Bert: Yeah, I echo what Cyrus said. As somebody who hasn’t been to as many shows, I was able to immerse myself a lot more. It really captivates you and you are able to figure out what kind of music really appeals to you. I think there is something for everyone, to be honest. You just kind of have to go and experience it. It’s really a big part of it.

Cyrus: I may sound like I’m trying to be a snob here. But even if people say they don’t like EDM music, ask them if they like Mad Max, Drake’s new album, or The Weeknd’s new album. Of course, Mad Max was produced by Junkie XL, who is an electronic DJ. Particularly, electronic dance music is a heavy influence on Drake and The Weeknd’s new album. There’s so much influence peeking into the culture today in film, television, and all genres of pop music.

NR: Cyrus, since you’ve been around the industry for a while, what got you into EDM?

Cyrus: For me, it was in the 90s. I remember that two girlfriends of mine dragged me to something called a “rave”. I had no idea what this was. Immediately within 5 minutes, I was like “this is impossible”. People were hugging each other and everyone is happy and smiling. It was crazy. I can’t believe this wasn’t a dream. I think that’s what sucked me into the culture at first.

Obviously, I’m really attracted to all kinds of music. The music sounded intelligent, it was very well produced, and everything was so new to me. It wasn’t a specific genre but it was the culture that sucked me into this world. It changed my life, really.

NR: Bert and Cassie, while you were doing this documentary what particular artist did you gravitate towards when you were starting to listen to EDM music?

Cassie: For me, I find that I’m more into those artists that have more of like a pop flair. [Music] that’s more crossover if you will. Like when you asked, “who would you tell people to listen to if they don’t like EDM”. I have to say Martin Garrix, especially his new music, is incredibly easy to listen to and a lot of fun. [There’s] Major Lazer and even David Guetta who kind of started it all. He continued making incredible hits with a lot of different artists and I love his new song with Justin Bieber. I can’t lie. [laughs]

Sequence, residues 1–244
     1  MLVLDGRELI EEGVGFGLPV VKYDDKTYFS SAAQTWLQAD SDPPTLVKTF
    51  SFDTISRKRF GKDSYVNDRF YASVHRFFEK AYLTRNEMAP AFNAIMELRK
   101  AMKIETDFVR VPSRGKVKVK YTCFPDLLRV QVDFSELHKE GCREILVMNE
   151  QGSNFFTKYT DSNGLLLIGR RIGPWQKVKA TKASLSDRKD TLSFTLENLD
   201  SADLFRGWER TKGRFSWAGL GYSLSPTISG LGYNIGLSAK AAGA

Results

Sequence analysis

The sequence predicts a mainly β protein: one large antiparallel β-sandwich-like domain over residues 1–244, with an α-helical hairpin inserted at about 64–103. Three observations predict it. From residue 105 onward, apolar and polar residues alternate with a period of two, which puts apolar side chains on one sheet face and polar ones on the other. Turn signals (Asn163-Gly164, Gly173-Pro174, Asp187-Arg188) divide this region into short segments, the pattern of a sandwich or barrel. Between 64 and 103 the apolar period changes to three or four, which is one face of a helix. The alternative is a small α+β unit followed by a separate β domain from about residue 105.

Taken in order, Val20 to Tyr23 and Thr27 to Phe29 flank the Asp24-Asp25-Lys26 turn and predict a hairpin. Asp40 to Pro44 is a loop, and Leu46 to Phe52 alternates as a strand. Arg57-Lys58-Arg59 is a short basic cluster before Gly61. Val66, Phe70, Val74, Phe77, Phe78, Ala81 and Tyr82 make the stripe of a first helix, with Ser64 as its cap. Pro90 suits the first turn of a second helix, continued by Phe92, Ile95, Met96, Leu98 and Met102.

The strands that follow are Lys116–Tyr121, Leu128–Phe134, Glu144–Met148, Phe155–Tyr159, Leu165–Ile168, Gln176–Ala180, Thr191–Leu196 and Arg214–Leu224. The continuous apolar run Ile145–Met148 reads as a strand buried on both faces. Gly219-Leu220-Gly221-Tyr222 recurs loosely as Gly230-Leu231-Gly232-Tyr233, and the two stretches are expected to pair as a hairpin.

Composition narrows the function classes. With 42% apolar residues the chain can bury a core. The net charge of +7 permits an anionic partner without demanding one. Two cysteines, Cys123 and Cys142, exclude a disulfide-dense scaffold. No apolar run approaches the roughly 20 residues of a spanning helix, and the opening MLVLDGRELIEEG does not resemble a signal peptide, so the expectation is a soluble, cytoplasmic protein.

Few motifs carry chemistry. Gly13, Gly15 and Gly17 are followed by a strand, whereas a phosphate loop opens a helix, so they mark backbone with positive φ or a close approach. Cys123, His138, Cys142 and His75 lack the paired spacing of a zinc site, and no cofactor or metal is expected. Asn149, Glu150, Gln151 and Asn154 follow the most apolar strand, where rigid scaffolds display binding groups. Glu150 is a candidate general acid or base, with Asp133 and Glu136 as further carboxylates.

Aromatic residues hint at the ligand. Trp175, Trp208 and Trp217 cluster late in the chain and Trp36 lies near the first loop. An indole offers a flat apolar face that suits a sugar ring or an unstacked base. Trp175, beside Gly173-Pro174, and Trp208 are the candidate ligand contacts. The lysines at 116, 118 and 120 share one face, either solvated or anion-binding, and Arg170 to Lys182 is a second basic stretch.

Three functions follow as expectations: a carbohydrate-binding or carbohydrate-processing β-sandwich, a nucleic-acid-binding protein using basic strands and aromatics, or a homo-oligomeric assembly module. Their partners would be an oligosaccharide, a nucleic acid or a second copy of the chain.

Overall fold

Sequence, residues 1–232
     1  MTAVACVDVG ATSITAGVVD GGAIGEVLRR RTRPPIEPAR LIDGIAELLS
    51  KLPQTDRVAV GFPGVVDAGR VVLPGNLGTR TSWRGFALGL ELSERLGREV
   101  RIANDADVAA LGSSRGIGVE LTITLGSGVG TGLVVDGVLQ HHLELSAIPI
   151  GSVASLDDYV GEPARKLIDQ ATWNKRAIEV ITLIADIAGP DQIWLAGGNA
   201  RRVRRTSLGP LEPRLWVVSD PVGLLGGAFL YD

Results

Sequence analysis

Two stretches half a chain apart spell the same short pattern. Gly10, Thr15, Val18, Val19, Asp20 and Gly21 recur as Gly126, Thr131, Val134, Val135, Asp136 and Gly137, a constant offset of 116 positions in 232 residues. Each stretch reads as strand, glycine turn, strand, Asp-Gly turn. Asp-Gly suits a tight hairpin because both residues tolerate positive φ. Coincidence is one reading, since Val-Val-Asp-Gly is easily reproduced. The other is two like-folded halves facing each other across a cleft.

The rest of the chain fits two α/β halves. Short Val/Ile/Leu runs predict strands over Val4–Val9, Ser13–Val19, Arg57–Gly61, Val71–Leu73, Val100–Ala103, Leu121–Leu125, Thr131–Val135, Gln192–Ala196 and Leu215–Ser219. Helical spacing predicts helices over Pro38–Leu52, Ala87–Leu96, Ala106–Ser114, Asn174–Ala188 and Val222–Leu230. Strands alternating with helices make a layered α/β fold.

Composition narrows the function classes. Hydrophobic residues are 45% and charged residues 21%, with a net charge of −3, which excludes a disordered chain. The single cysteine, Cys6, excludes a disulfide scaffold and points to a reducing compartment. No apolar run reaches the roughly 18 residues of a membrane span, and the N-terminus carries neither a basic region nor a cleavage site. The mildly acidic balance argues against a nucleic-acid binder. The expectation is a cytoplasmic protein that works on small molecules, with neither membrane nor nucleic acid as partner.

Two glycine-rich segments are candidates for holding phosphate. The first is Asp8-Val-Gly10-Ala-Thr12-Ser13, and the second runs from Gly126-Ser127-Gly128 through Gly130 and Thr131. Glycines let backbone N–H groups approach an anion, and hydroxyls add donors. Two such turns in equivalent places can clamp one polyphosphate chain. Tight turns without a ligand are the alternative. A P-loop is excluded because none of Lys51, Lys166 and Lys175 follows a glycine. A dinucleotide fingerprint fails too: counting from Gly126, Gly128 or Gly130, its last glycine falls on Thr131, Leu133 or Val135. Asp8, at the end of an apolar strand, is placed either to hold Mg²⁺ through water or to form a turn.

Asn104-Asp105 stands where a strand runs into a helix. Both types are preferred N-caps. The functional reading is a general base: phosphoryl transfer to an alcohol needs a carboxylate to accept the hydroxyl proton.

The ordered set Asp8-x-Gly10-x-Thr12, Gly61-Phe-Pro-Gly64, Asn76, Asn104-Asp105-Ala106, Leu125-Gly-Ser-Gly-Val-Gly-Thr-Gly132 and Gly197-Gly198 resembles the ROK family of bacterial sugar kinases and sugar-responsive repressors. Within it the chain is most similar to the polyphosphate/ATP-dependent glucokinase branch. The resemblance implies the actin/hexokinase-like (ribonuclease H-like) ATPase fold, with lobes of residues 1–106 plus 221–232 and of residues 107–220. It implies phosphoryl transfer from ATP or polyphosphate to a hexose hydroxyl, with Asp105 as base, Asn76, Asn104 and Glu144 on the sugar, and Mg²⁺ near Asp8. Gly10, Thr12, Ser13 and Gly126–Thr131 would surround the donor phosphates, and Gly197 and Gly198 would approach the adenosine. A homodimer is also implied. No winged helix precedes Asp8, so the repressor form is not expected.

Bert: I’ve been able to appreciate it all, to be honest. I tried to come in with the non-judgmental point-of-view and appreciate the different artists for what they can bring to the table. As a matter of fact, and I’m not just trying to say this, I’m such a fan of everyone that’s in our film. Since I was able to familiarize myself with their background as people and musicians. Additionally, the artistry that it takes to do what they do as producers and writers and performers. I was able to appreciate the underground scene in a way that I ever could’ve imagined. Not to mention, appreciate what it’s led to today.

NR: What is the one thing that you want audiences to take away the most after watching What We Started?

Cassie: I think I would want them to take away an appreciation of the struggle of what this music has been through in its history. Because I think that this is something that a lot of people don’t really know about.

Bert: Ultimately, What We Started is meant to be entertaining and fun. I mean yes, it’s informative but we go about it in a nonlinear fashion. The reason we do that ultimately is to entertain. We are filmmakers. But at the end of the day, we just want to entertain [and] keep true to the story. We want people to leave thinking that they just saw a timeless piece that added a lot of value to them. At the same time, thoroughly entertain them and hopefully want to watch it again.

What We Started will be a cultural retelling of the history of electronic music, leading with the legacy of Carl Cox and following with newcomer Martin Garrix. The film will explore the parallels between Cox’s undeniable influence and hand in the evolution of dance music and Garrix’s formation of mainstream genres and global fame.

Be sure to check out our review of What We Started.

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Mark Pacis
Mark Pacis 1150 posts

Self-proclaimed "Human IMDb" and comic book geek. Biggest Iron Man fan you'll probably ever meet.